Hydro-Québec plugs into Magdalen Islands to slash oil dependency

Hydro-Québec plans to build a 220-kilometre, underwater cable to connect the province's main power grid to the Magdalen Islands, which currently relies solely on a diesel power plant for its energy.

220-kilometre, underwater electric cable would connect the islands to hydro-electric grid for first time

The Magdalen Islands currently depends on its diesel power plant to generate electricity for its 12,000 residents. (Marika Wheeler/CBC)

The Magdalen Islands is expected to be weaned off its total reliance on oil energy by 2025, as Hydro-Québec plans to connect the peninsula to the province's hydro-electric grid for the first time.

The archipelago, located in the heart of the Gulf of the St. Lawrence, currently depends on a diesel power plant to generate electricity for its 12,000 permanent residents and businesses.

But Hydro-Québec announced Friday it is rolling out a major project over the next seven years transitioning the Magdalen Islands toward greener energy sources, such as hydro-electricity.

It is installing a cable that will connect the islands to the Gaspé region coast, according to Éric Filion, Hydro-Québec's production president.

The wire cable spanning nearly 200 kilometres will run underground and under the bed of the St. Lawrence River.

"It will be like a mini Hydro-Québec," said local MNA Germain Chevarie. "This will add value to the Magdalen Islands' reputation when it comes to its environmental values."

Chevarie compared the project to a similar one in Lac-Mégantic earlier this year, where a microgrid will be installed in the municipality's rebuilt downtown.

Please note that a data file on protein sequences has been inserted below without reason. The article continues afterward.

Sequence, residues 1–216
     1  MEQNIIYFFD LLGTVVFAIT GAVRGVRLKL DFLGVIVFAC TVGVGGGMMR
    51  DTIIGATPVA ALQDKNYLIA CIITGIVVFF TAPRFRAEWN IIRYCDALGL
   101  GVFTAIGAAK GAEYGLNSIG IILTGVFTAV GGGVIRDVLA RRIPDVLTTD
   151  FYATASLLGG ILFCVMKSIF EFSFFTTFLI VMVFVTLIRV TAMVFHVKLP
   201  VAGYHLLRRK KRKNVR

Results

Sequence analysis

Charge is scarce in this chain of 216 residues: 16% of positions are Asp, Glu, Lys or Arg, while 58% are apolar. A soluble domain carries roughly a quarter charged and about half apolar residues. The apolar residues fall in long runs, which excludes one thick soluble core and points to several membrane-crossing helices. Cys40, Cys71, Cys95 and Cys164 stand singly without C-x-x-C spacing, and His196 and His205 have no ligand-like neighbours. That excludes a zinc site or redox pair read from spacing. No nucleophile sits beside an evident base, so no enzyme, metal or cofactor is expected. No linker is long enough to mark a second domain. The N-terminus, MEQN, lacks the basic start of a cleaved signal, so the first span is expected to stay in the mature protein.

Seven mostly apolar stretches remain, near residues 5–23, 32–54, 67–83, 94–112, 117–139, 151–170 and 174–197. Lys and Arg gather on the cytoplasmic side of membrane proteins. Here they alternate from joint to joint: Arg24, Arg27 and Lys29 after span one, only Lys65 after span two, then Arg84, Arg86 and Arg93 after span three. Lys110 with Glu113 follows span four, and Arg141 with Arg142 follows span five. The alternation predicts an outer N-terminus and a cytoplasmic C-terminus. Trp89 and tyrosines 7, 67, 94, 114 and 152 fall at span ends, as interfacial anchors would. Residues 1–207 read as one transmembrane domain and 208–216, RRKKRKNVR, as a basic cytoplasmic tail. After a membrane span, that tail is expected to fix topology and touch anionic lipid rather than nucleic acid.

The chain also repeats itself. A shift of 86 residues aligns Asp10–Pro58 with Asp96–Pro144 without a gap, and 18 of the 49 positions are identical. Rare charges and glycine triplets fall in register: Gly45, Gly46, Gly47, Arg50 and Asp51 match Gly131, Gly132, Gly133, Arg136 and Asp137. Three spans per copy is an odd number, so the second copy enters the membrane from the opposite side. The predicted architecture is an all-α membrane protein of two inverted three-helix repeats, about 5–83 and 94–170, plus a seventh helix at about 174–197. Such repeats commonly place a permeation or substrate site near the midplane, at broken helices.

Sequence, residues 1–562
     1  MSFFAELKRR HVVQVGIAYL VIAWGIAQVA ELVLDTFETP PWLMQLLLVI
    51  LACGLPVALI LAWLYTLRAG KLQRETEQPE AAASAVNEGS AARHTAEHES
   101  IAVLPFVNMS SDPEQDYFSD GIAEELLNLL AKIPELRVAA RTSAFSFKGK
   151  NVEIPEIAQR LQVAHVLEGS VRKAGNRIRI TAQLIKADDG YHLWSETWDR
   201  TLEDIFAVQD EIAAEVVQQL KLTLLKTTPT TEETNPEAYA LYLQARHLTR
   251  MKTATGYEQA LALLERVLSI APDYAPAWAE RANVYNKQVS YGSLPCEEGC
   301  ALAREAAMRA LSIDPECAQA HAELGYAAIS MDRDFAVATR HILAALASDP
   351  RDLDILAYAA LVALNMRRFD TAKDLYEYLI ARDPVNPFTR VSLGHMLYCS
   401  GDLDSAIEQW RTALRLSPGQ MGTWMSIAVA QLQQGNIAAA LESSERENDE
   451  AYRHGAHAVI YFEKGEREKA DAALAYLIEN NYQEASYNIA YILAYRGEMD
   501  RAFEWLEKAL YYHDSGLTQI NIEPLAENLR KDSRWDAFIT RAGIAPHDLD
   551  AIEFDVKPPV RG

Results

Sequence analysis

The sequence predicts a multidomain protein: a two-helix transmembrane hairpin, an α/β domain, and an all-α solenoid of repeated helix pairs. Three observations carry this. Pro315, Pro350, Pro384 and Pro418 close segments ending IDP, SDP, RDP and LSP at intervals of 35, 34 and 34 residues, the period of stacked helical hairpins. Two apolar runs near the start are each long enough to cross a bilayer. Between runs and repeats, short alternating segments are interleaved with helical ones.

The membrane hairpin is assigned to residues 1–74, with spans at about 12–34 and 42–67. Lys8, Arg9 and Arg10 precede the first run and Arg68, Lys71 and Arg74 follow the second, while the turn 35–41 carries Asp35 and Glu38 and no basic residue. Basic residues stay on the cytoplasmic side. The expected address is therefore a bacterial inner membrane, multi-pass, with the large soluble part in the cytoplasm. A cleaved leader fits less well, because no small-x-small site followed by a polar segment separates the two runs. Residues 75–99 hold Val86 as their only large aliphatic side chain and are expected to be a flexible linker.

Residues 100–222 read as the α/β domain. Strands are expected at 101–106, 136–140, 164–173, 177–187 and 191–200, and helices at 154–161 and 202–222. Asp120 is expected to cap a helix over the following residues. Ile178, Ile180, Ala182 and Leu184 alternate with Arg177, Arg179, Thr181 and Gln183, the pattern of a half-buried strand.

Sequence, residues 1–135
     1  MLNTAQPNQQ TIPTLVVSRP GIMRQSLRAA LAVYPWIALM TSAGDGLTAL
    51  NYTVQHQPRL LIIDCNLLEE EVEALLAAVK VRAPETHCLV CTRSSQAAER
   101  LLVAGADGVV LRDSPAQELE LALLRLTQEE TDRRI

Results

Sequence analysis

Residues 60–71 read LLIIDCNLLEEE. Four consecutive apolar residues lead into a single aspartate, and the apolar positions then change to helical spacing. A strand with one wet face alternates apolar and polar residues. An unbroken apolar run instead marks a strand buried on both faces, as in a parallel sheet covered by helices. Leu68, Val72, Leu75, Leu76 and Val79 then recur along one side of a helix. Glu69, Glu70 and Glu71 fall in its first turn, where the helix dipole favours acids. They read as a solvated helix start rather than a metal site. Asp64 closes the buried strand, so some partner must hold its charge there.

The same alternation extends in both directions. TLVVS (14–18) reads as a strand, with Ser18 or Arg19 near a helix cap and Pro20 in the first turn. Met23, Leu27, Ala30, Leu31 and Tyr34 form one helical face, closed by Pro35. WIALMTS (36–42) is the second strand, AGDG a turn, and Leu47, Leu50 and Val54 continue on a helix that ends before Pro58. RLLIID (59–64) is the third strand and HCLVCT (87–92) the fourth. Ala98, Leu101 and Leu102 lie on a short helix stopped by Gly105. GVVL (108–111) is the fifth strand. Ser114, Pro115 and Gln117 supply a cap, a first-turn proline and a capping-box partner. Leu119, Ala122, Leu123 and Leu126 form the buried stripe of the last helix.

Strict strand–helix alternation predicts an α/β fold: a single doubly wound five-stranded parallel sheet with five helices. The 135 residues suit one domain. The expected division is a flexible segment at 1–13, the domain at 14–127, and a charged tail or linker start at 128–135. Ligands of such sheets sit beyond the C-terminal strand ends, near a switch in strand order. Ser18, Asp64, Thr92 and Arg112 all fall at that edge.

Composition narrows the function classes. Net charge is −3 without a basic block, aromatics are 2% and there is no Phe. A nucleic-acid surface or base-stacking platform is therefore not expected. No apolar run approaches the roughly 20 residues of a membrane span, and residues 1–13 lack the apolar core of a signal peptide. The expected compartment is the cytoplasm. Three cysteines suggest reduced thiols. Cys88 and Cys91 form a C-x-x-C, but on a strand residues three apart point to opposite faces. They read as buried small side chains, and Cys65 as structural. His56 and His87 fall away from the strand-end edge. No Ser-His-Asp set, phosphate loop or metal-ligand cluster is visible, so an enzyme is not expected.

The diesel power plant will be maintained to ensure the region has an alternative source of energy in case of a power outage on the main grid. (Luc Paradis/Radio-Canada)

Seismic testing will be carried out over the next 18 months to measure what the project could cost, before it's submitted to the province's energy board. Filion said the project could save the province up to 20 to 30 per cent in operating costs.

Minimizing job loss

The 80 people working at the existing diesel plant on the islands will keep their jobs by working for the new energy plan, he said.

The diesel plant will be maintained to ensure it can kick in if the central electric grid is down or is undergoing repairs.

Filion said Hydro-Québec also plans to diversify the region's energy consumption.

Booms line the port waters in Cap-aux-Meules in the Magdalen Islands in an effort to contain spilled diesel that might have leaked into the port. (Radio-Canada)

A few dozen buildings will be connected to each other through a central grid, fuelled by "a cocktail of new technologies" said Filion, including solar panels, storage batteries and outdoor plugs for electric cars.

About 100,000 litres of diesel were spilled near the Cap-aux-Meules harbour in 2014 after a pipeline leak.

Hydro-Québec was later charged with violating provincial environmental regulations in connection with the oil spill.


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